What I learned is music is crazy powerful! It has always been that way for me on a personal level for me, but it is on a scientific level as well. It is very effective in trama/ rehab situations. So much so that I can honestly say I witnessed nothing short of miracles because of it. It is by far the most rewarding work I've done.

"A good mix is subjective to one's cilia." http://hitnmiss.yolasite.com
Link to comment
Share on other sites

Today it is about 50% percent of my duo act's income. Though I am not licensed I do have over 10 years ex. so I feel I can be helpful.

What I learned is music is crazy powerful! It has always been that way for me on a personal level for me, but it is on a scientific level as well. It is very effective in trama/ rehab situations. So much so that I can honestly say I witnessed nothing short of miracles because of it. It is by far the most rewarding work I've done.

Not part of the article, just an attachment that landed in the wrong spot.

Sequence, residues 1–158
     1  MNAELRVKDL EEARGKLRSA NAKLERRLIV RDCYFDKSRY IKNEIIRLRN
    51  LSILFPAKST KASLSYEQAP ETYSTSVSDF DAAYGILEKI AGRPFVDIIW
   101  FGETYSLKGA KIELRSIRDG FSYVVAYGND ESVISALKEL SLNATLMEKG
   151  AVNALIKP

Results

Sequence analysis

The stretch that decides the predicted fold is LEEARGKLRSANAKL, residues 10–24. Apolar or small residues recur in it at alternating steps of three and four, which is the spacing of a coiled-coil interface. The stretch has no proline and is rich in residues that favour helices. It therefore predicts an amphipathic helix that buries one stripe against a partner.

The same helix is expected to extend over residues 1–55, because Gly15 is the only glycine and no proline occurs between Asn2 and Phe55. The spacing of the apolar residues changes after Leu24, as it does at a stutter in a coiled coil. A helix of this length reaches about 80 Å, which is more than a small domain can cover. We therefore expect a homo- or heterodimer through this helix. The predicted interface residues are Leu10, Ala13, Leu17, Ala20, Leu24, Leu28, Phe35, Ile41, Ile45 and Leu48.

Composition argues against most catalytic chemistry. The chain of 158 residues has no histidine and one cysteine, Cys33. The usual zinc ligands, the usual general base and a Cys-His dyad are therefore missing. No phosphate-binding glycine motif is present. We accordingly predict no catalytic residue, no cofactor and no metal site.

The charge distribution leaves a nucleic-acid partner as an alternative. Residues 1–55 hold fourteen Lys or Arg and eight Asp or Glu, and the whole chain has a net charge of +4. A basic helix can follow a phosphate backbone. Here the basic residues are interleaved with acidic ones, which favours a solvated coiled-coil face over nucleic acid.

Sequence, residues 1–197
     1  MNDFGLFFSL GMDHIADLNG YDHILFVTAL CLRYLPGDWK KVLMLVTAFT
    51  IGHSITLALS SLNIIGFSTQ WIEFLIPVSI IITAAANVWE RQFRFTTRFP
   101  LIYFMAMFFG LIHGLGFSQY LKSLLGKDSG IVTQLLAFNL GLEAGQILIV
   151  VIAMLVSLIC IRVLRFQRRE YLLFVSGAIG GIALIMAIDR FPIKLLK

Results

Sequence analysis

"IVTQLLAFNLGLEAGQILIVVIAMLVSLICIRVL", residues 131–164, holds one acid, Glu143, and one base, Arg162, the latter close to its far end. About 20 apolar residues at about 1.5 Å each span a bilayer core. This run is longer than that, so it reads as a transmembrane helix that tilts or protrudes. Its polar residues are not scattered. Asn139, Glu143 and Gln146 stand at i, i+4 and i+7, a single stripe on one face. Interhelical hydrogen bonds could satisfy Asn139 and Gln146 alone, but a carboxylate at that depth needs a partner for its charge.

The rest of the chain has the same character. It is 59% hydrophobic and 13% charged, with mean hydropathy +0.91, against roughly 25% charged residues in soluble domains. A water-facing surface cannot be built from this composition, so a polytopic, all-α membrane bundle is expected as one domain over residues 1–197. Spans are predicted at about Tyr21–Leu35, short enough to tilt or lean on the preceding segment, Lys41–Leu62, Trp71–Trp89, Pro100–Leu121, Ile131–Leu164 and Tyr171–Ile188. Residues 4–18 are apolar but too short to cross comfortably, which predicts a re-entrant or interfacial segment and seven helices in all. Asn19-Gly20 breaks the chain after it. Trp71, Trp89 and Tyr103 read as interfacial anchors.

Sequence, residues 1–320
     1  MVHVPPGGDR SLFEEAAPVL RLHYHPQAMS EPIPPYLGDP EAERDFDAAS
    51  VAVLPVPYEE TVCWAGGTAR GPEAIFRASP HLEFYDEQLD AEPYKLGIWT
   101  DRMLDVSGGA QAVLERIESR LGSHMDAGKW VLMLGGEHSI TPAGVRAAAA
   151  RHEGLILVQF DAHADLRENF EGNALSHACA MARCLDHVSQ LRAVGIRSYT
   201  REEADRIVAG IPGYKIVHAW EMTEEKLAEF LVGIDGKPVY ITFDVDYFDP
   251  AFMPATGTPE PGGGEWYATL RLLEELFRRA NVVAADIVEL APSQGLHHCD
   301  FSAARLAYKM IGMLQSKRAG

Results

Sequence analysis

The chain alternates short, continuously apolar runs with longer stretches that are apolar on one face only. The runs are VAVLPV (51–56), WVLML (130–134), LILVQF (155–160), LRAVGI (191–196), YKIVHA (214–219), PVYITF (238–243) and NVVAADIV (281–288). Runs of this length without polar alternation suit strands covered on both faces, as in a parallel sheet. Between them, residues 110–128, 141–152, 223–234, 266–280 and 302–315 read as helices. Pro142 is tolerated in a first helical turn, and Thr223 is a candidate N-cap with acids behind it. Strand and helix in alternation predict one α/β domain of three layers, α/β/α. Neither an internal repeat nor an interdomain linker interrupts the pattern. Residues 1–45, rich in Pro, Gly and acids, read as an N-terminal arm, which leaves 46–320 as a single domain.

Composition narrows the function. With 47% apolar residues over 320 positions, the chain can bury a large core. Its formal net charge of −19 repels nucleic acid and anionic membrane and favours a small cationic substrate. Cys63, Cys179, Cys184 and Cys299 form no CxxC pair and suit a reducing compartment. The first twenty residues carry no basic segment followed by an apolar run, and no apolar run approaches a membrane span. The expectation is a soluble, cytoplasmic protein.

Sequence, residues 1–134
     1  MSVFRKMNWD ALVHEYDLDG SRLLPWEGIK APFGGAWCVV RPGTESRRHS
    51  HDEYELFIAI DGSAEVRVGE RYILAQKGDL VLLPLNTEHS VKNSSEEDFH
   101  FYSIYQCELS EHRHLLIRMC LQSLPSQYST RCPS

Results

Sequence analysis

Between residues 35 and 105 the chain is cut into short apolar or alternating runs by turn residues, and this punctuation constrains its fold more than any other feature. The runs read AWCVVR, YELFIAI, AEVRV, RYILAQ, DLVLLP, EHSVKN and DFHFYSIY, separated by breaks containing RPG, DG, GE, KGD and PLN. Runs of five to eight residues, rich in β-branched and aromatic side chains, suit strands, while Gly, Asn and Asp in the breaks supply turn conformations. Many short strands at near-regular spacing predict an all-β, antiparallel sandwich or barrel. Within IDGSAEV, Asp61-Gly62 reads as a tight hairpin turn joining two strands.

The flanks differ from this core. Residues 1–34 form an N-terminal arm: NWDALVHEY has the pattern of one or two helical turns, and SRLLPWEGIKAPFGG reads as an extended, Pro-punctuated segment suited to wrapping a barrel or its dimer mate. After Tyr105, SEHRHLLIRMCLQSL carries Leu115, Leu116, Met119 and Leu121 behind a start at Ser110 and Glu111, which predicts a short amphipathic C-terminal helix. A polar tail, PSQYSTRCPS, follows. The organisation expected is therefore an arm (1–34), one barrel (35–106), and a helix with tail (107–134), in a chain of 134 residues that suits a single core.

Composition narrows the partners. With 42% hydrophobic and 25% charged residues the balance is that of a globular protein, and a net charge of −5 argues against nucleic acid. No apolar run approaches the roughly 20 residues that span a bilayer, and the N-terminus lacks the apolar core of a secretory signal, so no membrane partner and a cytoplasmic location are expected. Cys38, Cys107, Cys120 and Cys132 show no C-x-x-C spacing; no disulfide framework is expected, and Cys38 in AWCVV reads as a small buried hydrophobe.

That's encouraging to hear; glad that you're still able to earn income through music therapy, and able to be of service and support. I still do what I can - either volunteering occasionally, or working as a 'therapeutic musician'.

 

When I was hired by a large hospice based in Chicago / Northwest Indiana, their legal department determined that I was able to provide music therapy, but recommended that I seek the additional coursework and board certification. I had been in contact with a university in Indiana to begin that process on a part-time basis; the estimate was approx. one year to be board certified. Our change in location put that on hold, however.